Researchers led by Yale University constructed a record of shark diversity and abundance over the past 40 million years based on fossil teeth and scales. Pictured: Megalodon, an extinct shark species that lived about 23-3.6 million years ago

“This interval is not known for major changes in Earth’s history,” said Dr. Sibert.

But, she added, “it has completely changed the nature of what it means to be a predator living in the open ocean.”

“The current state of declining shark populations is certainly cause for concern,” added the paper’s author Leah Rubin of the State University of New York.

The study, she said, “helps put this decline in the context of shark populations over the past 40 million years.”

“This context is an essential first step in understanding the implications of the dramatic decline of these apex predators in modern times.”

Yale paleontologist Pincelli Hull – who was not involved in the study – said future work should look at “to understand this period and its implications not only for the emergence of modern ecosystems, but also for the causes of major collapses in the shark diversity’.

“It represents a major shift in ocean ecosystems at a time previously considered unremarkable.”

Further research may be able to confirm whether the extinction event caused the remaining sharks to avoid the open ocean — and perhaps explain why their populations failed to bounce back in the wake of the die-off.

The study’s full findings were published in the journal Science.

HOW SHARKS EARN THEIR MIND REPUTATION?

Sharks are the most efficient predators on Earth and have long terrified humans.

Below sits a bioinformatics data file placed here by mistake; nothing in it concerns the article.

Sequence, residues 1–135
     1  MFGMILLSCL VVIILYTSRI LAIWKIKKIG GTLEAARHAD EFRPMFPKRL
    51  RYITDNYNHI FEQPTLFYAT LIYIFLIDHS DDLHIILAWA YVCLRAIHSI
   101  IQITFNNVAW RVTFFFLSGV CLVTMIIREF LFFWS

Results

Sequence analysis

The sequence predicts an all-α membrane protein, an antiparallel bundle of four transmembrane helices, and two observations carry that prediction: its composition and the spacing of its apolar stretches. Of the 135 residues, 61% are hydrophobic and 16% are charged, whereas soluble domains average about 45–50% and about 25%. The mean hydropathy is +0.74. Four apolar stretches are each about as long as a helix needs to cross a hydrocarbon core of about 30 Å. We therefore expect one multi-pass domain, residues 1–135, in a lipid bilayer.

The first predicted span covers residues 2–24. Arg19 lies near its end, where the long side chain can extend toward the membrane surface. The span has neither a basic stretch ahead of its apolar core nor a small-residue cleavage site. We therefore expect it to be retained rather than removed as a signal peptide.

Their basic design has never really changed over 200 million years and they are considered complex and intelligent.

Their teeth are fear factor number one, with the great white’s teeth growing up to two and a half inches long.

Their prey is impaled on the pointed teeth of the lower jaw where they saw away parts of the flesh. The serrated edges of the teeth aid in this process.

Their teeth are brittle and constantly break down, but also grow back continuously and on average there are 15 rows of teeth in the mouth at a time.

Sharks are the most efficient predators on Earth.  Their basic design has never really changed over 200 million years

Sharks are the most efficient predators on Earth. Their basic design has never really changed over 200 million years

Their speed is fear factor number two.

They are very fast in the water compared to humans with the shortfin mako shark being able to reach an incredible 60 mph in bursts.

The great white can reach speeds of 25 mph.

In comparison, 5 mph is the fastest a human can reach.

The strength and size of a shark also scares us.

The great white shark can grow up to 6 meters in height and while it has no particular taste for humans, even an exploratory bite is enough to cut a man in half.

Most sharks release a human after its first bite, but sometimes that’s all it takes to kill a person.

However, sharks have much more reason to be afraid of humans. We kill up to a million a year, often cutting off their fins just to make soup and throwing the rest of the shark back into the water, where it starves or drowns.